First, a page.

Deputy Eamon Ryan referred to statistics. If 19% of our hedgerows are roadside hedges, in August only the road-facing side of the hedge can be cut and this is one of the three surface areas of the hedge. I said 2% but to be precise it is probably more realistic to say 6.33% of the hedge area. That is my understanding of it. We can furnish the Deputy with this information if he wishes.

Where would the 6.5% figure come from?

It is 6.33%. That is our calculation, if 19% of hedgerows are roadside hedges.

Is it in the legislation that the top of the hedge cannot be cut or is it-----

No. The top of the hedge is not road-facing.

Only road-facing sides of the hedge can be addressed.

Correct. I may not have mentioned it, but I should stress that this is being done on a pilot basis. The provisions of the Bill are restrictive and would allow for regulated cutting, so this will apply in respect of one month only and will have a limited lifespan of two years. We will then be able to assess the situation.

From where did the 2% figure come?

I said 2%, but I should have said 6.33%.

The Minister is saying that the 6.33% figure would be the case if every roadside hedge was cut, but there are four hedges in a field with three sides to each hedge. As such, one twelfth of the hedges are road-facing. There are also fields that do not touch any roadside, so the figure drops further. When I was at school, one twelfth of 100% equated to approximately 8%. I don not believe it would be even that in this case, though. Where I live, unless the corners are very bad, it is normally the local authority that undertakes hedge cutting, so the figure is probably one tenth of that again. As such, fewer than 1% of hedges will be trimmed on the outside. What is more likely to happen is something that happens all of the time anyway. In the autumn, farmers trim 50 m on each side to allow for better access to fields for tractors and better visibility for road users.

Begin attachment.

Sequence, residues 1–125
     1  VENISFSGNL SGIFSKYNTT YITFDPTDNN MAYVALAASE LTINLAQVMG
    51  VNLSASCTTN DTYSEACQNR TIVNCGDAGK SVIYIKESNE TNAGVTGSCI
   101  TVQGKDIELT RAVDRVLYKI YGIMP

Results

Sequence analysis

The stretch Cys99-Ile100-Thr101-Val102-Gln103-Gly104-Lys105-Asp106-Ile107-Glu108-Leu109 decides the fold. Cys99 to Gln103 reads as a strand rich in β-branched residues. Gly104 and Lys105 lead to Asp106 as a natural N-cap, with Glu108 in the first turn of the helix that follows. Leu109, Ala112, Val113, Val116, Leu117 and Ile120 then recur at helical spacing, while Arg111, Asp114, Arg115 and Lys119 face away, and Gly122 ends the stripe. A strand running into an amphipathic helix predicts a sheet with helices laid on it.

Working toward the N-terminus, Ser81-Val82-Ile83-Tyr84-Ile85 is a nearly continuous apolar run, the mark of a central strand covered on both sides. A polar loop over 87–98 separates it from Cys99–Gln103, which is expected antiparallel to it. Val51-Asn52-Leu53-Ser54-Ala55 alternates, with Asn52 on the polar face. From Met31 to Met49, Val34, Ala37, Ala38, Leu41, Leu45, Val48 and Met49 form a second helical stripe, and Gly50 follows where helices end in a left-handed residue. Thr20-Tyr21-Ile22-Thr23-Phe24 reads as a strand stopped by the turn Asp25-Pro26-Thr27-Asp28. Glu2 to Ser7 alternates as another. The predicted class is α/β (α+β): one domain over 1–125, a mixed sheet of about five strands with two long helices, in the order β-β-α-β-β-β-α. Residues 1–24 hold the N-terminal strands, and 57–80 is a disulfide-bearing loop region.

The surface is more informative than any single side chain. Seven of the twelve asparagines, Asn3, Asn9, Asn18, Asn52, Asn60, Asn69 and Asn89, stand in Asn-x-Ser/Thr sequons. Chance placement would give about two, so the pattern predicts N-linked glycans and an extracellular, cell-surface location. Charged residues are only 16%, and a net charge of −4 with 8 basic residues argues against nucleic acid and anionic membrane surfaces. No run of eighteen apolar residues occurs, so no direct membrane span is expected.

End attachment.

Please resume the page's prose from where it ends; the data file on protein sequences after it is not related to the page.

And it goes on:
This is the same issue that is being debated in the Road Traffic Bill, namely, human safety, and human safety has to trump all. Therefore, I will not press my amendment.

How stands amendment No. 24?

I will press it.

Amendment put and declared lost.

I move amendment No. 25:

In page 12, between lines 22 and 23, to insert the following:

“Amendment of Act of 1976

8. Section 40 of the Act of 1976, as amended by the Act of 2000, is amended--

(a) in subsection (1), by the insertion of the following new paragraphs after paragraph (b):

“(c) The Minister may make regulations to extend, in part or parts of the State, the period of protection referred to in paragraph (a) in order to protect species covered by Article 1 of the Birds Directive.